Software and research: the Institute's Blog

Latest version published on 14 March, 2018.

34665071964_79a52d2bba_z.jpgBy Ana Todorović, Oxford University

In September 2017, we started the school year at Oxford with a day of talks on robust research practices. Originally envisioned as a satellite meeting of the Autumn School in Cognitive Neuroscience, it ended up spilling over into the Autumn School as well, which meant that incoming masters students got their official welcome to the programme in the form of four lectures on scientific reproducibility.

The Oxford Reproducibility School was spurred into action by Kia Nobre, head of the Experimental Psychology department, and was organized by Dorothy Bishop, Ana Todorovic, Caroline Nettekoven and Verena Heise. And although their primary areas are psychology and cognitive neuroscience, the Oxford Reproducibility School was aimed at discussing problems in empirical science in general, as well as best research practices. 

We had talks that outlined the root causes of the reproducibility crisis. Talks that discussed novel statistical approaches. Talks that covered combined academic and industry practices in pharmaceutical research. Talks about efficient computing, shared analysis pipelines, data storage and ethical practices when uploading that brain scan to an online repository. Talks that covered teaching undergraduates the right way instead of having them unlearn what they first encountered in their statistics courses. Talks about preregistration, and conversely talks about exploratory…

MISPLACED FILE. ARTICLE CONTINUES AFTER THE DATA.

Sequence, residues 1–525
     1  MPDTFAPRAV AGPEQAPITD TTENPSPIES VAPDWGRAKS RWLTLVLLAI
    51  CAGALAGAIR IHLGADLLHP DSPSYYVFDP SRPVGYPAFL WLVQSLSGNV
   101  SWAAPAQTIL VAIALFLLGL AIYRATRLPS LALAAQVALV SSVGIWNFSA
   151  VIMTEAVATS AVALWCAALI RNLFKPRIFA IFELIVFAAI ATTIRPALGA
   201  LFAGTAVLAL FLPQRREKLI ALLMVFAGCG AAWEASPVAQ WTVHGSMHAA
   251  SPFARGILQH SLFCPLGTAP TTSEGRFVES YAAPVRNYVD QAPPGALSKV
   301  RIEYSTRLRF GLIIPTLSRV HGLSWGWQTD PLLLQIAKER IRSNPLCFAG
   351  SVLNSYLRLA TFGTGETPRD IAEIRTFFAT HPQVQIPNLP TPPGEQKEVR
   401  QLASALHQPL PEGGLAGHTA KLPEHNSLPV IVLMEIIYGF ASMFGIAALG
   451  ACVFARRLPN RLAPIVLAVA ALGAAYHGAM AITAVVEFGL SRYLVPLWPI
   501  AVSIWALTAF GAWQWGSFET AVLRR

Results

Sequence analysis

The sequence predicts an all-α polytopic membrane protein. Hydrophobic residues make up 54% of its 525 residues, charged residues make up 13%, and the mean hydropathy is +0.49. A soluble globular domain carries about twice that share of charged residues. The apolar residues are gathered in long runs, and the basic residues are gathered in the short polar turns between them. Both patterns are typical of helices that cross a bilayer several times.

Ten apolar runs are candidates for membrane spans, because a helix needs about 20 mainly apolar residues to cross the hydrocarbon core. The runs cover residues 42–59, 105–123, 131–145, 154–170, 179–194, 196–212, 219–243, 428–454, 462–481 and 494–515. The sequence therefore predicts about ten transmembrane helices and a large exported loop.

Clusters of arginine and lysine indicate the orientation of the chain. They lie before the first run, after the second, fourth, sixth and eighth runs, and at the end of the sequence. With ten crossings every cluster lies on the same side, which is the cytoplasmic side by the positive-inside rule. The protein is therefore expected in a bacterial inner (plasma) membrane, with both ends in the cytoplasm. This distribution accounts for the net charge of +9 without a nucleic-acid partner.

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Latest version published on 14 March, 2018.

4982558043_06968b80f1_z.jpgBy Olivier Philippe, Policy Researcher.

DOI

Last year, the Software Sustainability Institute conducted a survey of Research Software Engineers (RSEs) to learn more about them and their work conditions. The RSE community has grown from a concept born at an Institute event to an international phenomenon. It's important to learn more about this community so that our campaigning, and that of our international partners, continues to help RSEs gain the recognition they deserve for their huge contribution to research.

We began surveying RSEs in 2016, in 2017 we also surveyed Canadian RSEs and last year we added four further countries. Our thanks to our partners: Scott Henwood (Canada), Stephan Janosch and Martin Hammitzsch (Germany), Ben van Werkhoven and Tom Bakker (Netherlands), Anelda van der Walt (South Africa) and Daniel S. Katz and Sandra Gesing (USA).

Visit our RSE survey page for an overview of the results and access to the data and analysis.

Latest version published on 9 March, 2018.

12176435415_61c14775c5_z.jpgBy Raniere Silva, Community Officer, Software Sustainability Institute.

With two weeks until the Collaborations Workshop 2018 (CW18) kicks off, we can't hold our excitement and need to tell you what’s waiting for you from Monday 26th to Wednesday 28th March 2018 at The School of Mathematics, Cardiff University.